How big is the smartphone market in South Africa really?

Someone once told me that Samsung smartphones have higher market penetration in Angola than official sales statistics suggest. The reason for this disparity was found to be a thriving but unrecorded market for cellphones, awash with grey imports from China.

I never got to verify the anecdote above, but I could not help wondering about the size of grey and black markets for smartphones in South Africa, given the growing headache brought about by counterfeit imports that my beautiful country is battling with.

First, recorded facts

According to Gartner, there is a 16% smartphone penetration in South Africa. The last time I checked, the number of sim cards in circulation  exceeded the human population of 50 million (the ratio may have declined owing to deactivations as a result of RICA)

A journey to the heart of Johannesburg

I gave into my curiosity this past Friday and conducted a quick market research. I figured the best sample base will be in Johannesburg city centre. Why this location, you may ask? Well, this is where real life happens for the often-neglected section of the consumer market with lower disposable incomes. So, off I went on a walk, through busy streets and alleys, with a hive of trade activity bursting at the seams due to this being the last the Friday of August. Armed with my iPhone, and at a great risk of getting into trouble with the traders who looked to be of Indian and Pakistani origin, I made some interesting discoveries as shown by the attached photos below.

Grey Cellphone Market in JHB City Centre 26Aug11

Grey and black cellphone markets are thriving in Johannesburg city centre (click to enlarge photos)

My findings

I came across an alley (picture 3), which is part of what was famously called the Small Street in the late 80’s, without having to look too hard. Along this stretch of about 50 metres or so, there must have been 20 cellphone retailers (picture 5). I counted at least 8 brand names on display that were new or unfamiliar, including Nckia, Sumsnug, Halo, GoWin, Gild, JWD, Mobicel, and LC (pictures 1 and 2). Logos of the first 2 brands in this list could easily be mistaken for Nokia (picture 10) and Samsung (picture 7), and I suspect this was done deliberately to confuse consumers. Many of the observed cellphone models were carbon copies of mainly Nokia, Samsung, BlackBerry and even iPhone. There were also smartphones with well-known brand names, but some were obviously fake if price is anything to go by. As an example, I came across a retail store where a dual sim 32 gig iPhone was selling for R550! Another store was selling what looked like a dodgy BlackBerry Torch at R725 (picture 6).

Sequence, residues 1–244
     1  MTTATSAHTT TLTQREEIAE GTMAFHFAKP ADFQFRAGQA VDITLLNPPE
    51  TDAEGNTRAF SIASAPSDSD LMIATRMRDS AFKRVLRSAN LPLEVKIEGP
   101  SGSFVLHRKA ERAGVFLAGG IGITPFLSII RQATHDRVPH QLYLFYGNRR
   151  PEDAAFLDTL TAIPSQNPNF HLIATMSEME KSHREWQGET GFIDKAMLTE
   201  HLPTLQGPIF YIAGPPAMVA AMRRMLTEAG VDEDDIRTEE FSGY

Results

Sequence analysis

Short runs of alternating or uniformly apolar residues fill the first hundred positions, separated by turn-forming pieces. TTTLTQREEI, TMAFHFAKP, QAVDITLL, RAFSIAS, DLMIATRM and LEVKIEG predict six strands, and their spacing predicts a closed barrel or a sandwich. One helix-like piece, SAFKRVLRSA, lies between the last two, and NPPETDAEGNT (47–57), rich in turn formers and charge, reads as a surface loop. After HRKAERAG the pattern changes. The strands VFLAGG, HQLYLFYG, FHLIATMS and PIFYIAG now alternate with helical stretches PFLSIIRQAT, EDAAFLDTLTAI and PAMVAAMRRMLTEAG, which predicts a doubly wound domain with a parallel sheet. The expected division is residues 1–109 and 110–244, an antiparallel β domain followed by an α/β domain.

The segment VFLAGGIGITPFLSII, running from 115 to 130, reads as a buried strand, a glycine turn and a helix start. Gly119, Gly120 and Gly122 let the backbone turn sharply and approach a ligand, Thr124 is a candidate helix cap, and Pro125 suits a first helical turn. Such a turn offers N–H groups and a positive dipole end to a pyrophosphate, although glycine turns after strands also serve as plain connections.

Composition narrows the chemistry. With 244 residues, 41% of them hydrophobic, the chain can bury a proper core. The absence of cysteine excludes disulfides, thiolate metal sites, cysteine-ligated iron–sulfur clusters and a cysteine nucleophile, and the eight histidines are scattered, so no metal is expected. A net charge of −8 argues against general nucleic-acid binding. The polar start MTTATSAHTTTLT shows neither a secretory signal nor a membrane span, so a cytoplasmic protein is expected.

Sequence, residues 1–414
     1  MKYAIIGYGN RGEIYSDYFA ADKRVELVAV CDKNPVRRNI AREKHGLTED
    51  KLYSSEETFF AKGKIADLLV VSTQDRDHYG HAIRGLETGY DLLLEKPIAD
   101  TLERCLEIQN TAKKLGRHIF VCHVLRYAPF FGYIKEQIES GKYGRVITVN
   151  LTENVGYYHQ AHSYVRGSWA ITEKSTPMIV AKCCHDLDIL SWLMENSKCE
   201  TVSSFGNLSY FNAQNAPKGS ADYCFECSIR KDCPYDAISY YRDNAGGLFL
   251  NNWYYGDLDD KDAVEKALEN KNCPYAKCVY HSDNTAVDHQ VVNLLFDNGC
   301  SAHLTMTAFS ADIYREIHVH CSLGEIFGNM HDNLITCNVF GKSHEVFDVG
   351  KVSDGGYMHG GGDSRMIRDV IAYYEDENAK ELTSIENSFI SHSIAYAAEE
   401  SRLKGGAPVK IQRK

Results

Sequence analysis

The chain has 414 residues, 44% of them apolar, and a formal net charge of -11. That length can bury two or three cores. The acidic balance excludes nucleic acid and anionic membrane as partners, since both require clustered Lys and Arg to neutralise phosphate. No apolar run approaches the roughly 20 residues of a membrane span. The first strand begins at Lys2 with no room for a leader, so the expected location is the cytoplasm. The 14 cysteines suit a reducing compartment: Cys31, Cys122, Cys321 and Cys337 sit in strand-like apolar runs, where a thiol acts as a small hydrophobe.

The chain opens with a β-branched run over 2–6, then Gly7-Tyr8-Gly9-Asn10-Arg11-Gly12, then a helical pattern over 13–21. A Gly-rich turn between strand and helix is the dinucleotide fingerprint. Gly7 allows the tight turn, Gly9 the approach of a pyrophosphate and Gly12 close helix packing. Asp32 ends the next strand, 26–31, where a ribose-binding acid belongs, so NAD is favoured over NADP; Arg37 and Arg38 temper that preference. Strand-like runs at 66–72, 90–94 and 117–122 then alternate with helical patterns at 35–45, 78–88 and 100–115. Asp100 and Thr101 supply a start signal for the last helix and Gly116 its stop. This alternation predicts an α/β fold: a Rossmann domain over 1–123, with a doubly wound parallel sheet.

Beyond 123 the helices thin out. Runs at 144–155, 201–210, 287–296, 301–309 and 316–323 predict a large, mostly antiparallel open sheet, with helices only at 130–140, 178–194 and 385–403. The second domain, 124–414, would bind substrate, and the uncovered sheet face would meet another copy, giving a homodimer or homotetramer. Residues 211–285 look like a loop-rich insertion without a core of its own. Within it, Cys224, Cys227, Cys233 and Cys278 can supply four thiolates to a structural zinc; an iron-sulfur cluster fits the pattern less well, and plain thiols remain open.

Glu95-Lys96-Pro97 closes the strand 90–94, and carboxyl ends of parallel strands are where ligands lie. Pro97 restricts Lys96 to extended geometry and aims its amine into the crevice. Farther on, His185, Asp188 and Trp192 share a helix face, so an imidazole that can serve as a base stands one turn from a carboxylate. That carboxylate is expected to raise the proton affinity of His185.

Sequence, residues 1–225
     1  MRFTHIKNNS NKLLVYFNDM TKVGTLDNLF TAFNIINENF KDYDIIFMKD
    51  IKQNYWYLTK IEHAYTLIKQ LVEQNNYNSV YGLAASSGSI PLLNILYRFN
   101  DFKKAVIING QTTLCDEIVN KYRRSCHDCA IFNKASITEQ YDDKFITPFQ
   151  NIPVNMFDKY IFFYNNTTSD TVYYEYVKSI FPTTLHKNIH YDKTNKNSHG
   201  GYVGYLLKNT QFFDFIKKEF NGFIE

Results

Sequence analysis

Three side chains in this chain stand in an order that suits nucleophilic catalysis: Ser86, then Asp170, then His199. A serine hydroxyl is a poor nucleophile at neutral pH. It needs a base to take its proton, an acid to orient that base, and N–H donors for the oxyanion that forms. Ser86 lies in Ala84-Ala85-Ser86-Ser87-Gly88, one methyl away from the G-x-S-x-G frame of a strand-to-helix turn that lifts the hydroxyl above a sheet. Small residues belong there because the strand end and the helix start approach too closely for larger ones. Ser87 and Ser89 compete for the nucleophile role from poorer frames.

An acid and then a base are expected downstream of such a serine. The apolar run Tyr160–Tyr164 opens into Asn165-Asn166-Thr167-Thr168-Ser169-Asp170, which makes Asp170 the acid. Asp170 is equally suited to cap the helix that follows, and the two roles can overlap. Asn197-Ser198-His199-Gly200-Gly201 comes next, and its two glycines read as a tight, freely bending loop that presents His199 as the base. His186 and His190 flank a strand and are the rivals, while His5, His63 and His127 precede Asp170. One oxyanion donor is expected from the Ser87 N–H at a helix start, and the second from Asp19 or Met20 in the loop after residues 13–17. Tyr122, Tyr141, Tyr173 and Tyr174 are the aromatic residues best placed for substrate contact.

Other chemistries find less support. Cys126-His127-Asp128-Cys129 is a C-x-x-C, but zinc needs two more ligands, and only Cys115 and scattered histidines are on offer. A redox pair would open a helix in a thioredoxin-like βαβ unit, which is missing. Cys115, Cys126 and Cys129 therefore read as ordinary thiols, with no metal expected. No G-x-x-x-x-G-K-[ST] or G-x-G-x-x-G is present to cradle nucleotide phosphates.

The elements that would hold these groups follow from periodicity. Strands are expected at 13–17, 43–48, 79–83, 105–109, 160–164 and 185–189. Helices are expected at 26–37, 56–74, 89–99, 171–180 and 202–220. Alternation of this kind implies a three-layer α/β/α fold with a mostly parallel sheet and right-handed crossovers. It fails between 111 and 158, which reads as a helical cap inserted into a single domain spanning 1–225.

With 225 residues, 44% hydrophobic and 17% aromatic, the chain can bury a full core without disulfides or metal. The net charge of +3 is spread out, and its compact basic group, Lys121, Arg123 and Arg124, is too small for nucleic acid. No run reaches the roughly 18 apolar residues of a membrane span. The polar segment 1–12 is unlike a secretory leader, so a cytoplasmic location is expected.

What does this mean?

The 16% smartphone penetration is understated, mainly because of the unrecorded market that cannot be accounted for. However, the size of this market is anyone’s guess.

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4 thoughts on “How big is the smartphone market in South Africa really?

  1. Wow Will, I feel you passion right there in this spot research you did. South Africa is a free-market economy country and also a developing country with a lot of disparaties in per capita income, so as in any other product market that shows growth it is not surprising to see these type of developments. You can even see strange cars on the road, I’ve even considered buying a Geely.
    Why is this? First, customers have become sophisticated, it is not only price or brand that determines where they spend their money. They look at these products and functionality comes into the picture. Secondly, How are the big brands rewarding loyalty? Brand promise is a good thing, however do the customers feel appreciated?
    My humble suggestion to marketers; Brands should learn or device new ways of communicating and researching their customers wants and reward loyalty. For example, I’ve used Nokia all my life; because I feel it is user friendly and always communicate this to friends and family, however I’ve never gotten any anknowledgement from this brand marketers. Wouldn’t they be guaranteed of my next cellphone spend if they could entice me for example to buy their latest more pricier models if they were to say let me trade in my old phone for the new one? Just thinking! Thanks for the article, eye opener.

  2. Bra Willy, thanks for bringing out another way of looking at the mobile market as opposed to the traditional way of tracking the Mobile Operator business for smartphone penetration.

    I draw a few observations from this piece of work:
    1. Grey devices seem to be prevalant in the lower lsm markets (JHB CBD, and other small towns like Vereeniging, etc). Makes sense as this market is aspiring for brands like iPhone and pricing is an issue for original products
    2. Considering the cost of connectivity, I am not sure if these devices are used as smartphones. Do we continue to call them smartphones?
    3. Higher LSM market consumers will buy a Grey market product as long as it is close enough to the original product and – Not a Nckia
    4. Higher LSM consumers are mostly power users (broad statement) and the quality of these grey devices may not stand the level of usage by a power user
    5. Mobile Operator contract packages make it easy to access free devices with the right level of after sales support – appelas to the higher LSM market who consumes data on these devices

    Having said that, I am aware of the growing usage of social network services in the prepaid market and these are mostly used by brand conscious and highly aspiration youth – do they really want to be seen with a Nckia or a Samsnug?

    So I would argue that these grey devices should be can be classfied as smartphones.

    Thanks for stimulating my thoughts on this one!

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